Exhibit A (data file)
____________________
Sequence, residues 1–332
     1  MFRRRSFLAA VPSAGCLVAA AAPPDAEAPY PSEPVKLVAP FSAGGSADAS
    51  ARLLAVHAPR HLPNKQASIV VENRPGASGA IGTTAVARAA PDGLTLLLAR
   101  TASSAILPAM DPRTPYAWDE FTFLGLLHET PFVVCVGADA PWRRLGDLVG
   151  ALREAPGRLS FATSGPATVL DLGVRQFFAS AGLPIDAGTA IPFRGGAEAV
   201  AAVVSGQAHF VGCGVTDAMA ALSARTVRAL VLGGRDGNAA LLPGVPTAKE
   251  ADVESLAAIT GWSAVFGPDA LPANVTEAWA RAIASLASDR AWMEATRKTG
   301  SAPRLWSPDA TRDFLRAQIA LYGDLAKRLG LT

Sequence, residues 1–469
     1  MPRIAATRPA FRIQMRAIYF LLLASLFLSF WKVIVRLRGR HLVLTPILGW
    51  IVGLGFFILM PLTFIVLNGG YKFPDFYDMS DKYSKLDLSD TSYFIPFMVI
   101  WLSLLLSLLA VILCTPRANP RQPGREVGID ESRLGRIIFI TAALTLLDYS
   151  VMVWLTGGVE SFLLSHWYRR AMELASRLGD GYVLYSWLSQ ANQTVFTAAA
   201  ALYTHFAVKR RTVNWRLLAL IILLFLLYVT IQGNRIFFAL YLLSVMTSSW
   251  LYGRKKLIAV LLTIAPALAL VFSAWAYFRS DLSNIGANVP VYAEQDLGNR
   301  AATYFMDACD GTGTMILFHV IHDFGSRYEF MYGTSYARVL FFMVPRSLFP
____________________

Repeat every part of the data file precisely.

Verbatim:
Sequence, residues 1–332
     1  MFRRRSFLAA VPSAGCLVAA AAPPDAEAPY PSEPVKLVAP FSAGGSADAS
    51  ARLLAVHAPR HLPNKQASIV VENRPGASGA IGTTAVARAA PDGLTLLLAR
   101  TASSAILPAM DPRTPYAWDE FTFLGLLHET PFVVCVGADA PWRRLGDLVG
   151  ALREAPGRLS FATSGPATVL DLGVRQFFAS AGLPIDAGTA IPFRGGAEAV
   201  AAVVSGQAHF VGCGVTDAMA ALSARTVRAL VLGGRDGNAA LLPGVPTAKE
   251  ADVESLAAIT GWSAVFGPDA LPANVTEAWA RAIASLASDR AWMEATRKTG
   301  SAPRLWSPDA TRDFLRAQIA LYGDLAKRLG LT

Sequence, residues 1–469
     1  MPRIAATRPA FRIQMRAIYF LLLASLFLSF WKVIVRLRGR HLVLTPILGW
    51  IVGLGFFILM PLTFIVLNGG YKFPDFYDMS DKYSKLDLSD TSYFIPFMVI
   101  WLSLLLSLLA VILCTPRANP RQPGREVGID ESRLGRIIFI TAALTLLDYS
   151  VMVWLTGGVE SFLLSHWYRR AMELASRLGD GYVLYSWLSQ ANQTVFTAAA
   201  ALYTHFAVKR RTVNWRLLAL IILLFLLYVT IQGNRIFFAL YLLSVMTSSW
   251  LYGRKKLIAV LLTIAPALAL VFSAWAYFRS DLSNIGANVP VYAEQDLGNR
   301  AATYFMDACD GTGTMILFHV IHDFGSRYEF MYGTSYARVL FFMVPRSLFP